At 16 I was doing a lot of reading, going to gigs, buying records, listening to the John Peel show. If it was still on I’d still be listening to John Peel now. Some of the things I heard on his show changed my life and still form the roots of everything I listen to now. Old reggae, the Nightingales, The Fall – they inspired me to write because their lyrics were so good. People forget what an amazing lifeline Peel was for people. He also gave me, perhaps rather self-destructively, that ‘no sell out’ mentality which has made my life more difficult than it needs to be. But I wouldn’t have it any other way.
I really enjoyed school. I was in this mountain-walking club and every other weekend we’d go to Wales and go climbing. We’d get in a minibus with our geography teacher and go to Snowdonia and go up and down mountains. I loved it. The original members of hardcore death metal pioneers Napalm Death were in the group too. None of them made it to the first album though.
I looked cadaverously thin when I was 16. I had just started going to hospital with something called ulcerative colitis, which meant I kept losing loads of weight. Which was actually really good. I wish I could get it again now. I had Morrissey hair, which I’ve now got rid of as a political protest. That’s one of the things I’d tell my 16-year-old self; don’t trust Morrissey. Other than that, I wear exactly the same as I did then and I probably had much the same sense of humour. In fact I’m much more now like I was in my mid-teens. In my twenties I was more of an arrogant and conceited man as I’d been given a taste of fame and success when I wasn’t really equipped to deal with it. I wasn’t very happy with myself.
Have I betrayed the 16-year-old me? Probably not actually. The teenage me might have found it mildly abhorrent that only this morning I listened to a Soft Machine record, a jazz-fusion record. But other than that, I’ve been able to live a charmed life and avoid most of the responsibilities and compromises that other people have. I’ve been so lucky I can’t believe it. Being asked to curate a whole weekend festival of arts and music [All Tomorrow’s Parties in 2016]. And being able to make four TV series of stand-up comedy, and make a living out of it, and to be called the world’s greatest living stand-up in The Times – he just wouldn’t believe it.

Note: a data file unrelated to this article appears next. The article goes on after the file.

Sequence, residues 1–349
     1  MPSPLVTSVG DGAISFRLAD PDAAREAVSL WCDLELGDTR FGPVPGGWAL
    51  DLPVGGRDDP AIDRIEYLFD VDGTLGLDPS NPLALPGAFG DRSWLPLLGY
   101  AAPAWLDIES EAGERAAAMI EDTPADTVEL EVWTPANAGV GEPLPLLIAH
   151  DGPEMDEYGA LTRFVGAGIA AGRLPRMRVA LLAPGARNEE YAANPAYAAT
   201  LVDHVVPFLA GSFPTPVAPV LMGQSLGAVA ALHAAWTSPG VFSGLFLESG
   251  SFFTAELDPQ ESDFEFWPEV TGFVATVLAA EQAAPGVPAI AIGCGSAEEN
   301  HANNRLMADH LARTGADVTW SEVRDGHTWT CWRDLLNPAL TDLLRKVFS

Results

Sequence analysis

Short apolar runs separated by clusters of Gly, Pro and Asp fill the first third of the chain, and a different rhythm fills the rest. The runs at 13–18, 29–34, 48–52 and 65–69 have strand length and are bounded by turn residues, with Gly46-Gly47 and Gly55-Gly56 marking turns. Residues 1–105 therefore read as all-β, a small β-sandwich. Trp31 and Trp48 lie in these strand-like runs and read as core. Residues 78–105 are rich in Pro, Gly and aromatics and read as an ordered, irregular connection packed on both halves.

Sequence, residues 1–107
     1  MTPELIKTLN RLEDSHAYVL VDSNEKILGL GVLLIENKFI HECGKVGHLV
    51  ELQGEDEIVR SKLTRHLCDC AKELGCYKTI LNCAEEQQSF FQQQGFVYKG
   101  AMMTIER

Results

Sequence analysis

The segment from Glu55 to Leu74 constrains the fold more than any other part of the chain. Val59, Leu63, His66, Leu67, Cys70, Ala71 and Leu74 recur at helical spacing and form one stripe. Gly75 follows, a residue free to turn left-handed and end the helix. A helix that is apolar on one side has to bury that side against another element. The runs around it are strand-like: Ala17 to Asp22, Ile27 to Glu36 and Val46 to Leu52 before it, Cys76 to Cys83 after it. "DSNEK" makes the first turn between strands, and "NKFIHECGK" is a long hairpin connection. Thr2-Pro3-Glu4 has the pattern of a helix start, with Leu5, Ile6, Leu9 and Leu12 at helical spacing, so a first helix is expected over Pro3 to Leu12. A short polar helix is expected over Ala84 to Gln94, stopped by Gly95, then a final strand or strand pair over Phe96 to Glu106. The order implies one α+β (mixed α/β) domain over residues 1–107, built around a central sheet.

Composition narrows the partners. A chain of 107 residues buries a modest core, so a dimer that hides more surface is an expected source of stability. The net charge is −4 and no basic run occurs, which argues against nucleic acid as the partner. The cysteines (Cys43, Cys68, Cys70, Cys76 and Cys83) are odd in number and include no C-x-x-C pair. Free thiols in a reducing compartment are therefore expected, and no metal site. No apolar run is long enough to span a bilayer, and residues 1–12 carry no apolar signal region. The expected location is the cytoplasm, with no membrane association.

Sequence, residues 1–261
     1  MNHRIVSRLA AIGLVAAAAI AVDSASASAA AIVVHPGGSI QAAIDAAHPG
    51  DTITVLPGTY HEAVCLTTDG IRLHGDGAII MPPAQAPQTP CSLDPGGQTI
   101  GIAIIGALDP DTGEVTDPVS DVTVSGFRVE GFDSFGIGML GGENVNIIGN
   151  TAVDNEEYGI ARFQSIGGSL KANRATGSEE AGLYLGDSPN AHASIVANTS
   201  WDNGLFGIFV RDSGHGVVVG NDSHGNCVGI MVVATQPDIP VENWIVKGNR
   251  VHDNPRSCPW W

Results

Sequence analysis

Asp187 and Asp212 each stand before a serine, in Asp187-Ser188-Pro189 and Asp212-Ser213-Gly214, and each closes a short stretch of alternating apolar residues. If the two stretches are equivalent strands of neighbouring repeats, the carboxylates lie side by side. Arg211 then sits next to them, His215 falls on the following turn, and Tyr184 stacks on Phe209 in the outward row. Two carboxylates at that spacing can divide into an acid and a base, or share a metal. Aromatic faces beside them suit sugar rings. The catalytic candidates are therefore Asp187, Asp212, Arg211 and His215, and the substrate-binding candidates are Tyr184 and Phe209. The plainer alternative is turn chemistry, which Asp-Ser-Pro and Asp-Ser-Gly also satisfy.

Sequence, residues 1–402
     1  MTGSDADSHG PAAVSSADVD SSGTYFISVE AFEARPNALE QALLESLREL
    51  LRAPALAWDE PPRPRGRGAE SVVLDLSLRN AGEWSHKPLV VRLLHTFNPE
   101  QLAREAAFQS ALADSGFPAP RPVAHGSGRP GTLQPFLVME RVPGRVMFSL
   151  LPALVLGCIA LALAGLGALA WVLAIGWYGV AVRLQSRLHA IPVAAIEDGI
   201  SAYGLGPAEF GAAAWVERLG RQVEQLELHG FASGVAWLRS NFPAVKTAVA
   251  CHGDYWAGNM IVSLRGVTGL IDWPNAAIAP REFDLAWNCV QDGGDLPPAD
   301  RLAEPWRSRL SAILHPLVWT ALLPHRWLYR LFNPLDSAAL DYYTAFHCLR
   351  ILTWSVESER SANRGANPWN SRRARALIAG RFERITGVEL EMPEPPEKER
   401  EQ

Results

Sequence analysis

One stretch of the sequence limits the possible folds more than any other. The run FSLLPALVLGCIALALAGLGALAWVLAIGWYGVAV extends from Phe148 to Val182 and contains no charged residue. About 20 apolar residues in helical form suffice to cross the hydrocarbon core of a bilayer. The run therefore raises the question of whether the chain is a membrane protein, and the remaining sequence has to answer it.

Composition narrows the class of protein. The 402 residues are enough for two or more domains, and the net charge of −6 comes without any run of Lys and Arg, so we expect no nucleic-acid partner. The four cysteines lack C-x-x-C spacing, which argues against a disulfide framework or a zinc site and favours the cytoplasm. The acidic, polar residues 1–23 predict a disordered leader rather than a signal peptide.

For years now I’ve managed to keep ploughing my own furrow without distraction. Part of that is fear of failure, of trying other things and being found out. Other things haven’t worked out. I came in to help with the story of Jerry Springer: the Opera in 2001, and that was basically banned, so after five years we all lost money on it. In 2005 I thought, I have to get away from big management and major promoters. There has to be a way of making stand-up pay off.
I worked out I needed about 5,000 people in the British Isles to like me. If they all gave me £10 a year then, after costs and paying tax, that would be enough to live on. That was all I aimed for. I thought, what was all this other stuff that had been going on for 15 years about breaking big markets and getting my face out? I didn’t have to do it. And actually, what I would say to my 16-year-old self is, don’t go through those 15 years. Get to where I eventually got to sooner.